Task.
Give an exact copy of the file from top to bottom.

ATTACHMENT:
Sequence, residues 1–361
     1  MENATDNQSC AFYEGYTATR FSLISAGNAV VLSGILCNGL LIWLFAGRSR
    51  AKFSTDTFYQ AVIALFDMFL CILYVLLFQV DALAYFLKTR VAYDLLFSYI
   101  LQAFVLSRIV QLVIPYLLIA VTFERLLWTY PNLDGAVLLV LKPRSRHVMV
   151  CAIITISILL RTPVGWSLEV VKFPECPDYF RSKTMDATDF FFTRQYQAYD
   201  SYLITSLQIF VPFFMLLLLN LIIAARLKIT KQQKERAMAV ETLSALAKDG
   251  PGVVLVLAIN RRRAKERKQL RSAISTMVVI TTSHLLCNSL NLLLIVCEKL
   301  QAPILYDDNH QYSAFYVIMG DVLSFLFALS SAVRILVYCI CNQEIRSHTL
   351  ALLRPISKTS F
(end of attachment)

Sequence, residues 1–361
     1  MENATDNQSC AFYEGYTATR FSLISAGNAV VLSGILCNGL LIWLFAGRSR
    51  AKFSTDTFYQ AVIALFDMFL CILYVLLFQV DALAYFLKTR VAYDLLFSYI
   101  LQAFVLSRIV QLVIPYLLIA VTFERLLWTY PNLDGAVLLV LKPRSRHVMV
   151  CAIITISILL RTPVGWSLEV VKFPECPDYF RSKTMDATDF FFTRQYQAYD
   201  SYLITSLQIF VPFFMLLLLN LIIAARLKIT KQQKERAMAV ETLSALAKDG
   251  PGVVLVLAIN RRRAKERKQL RSAISTMVVI TTSHLLCNSL NLLLIVCEKL
   301  QAPILYDDNH QYSAFYVIMG DVLSFLFALS SAVRILVYCI CNQEIRSHTL
   351  ALLRPISKTS F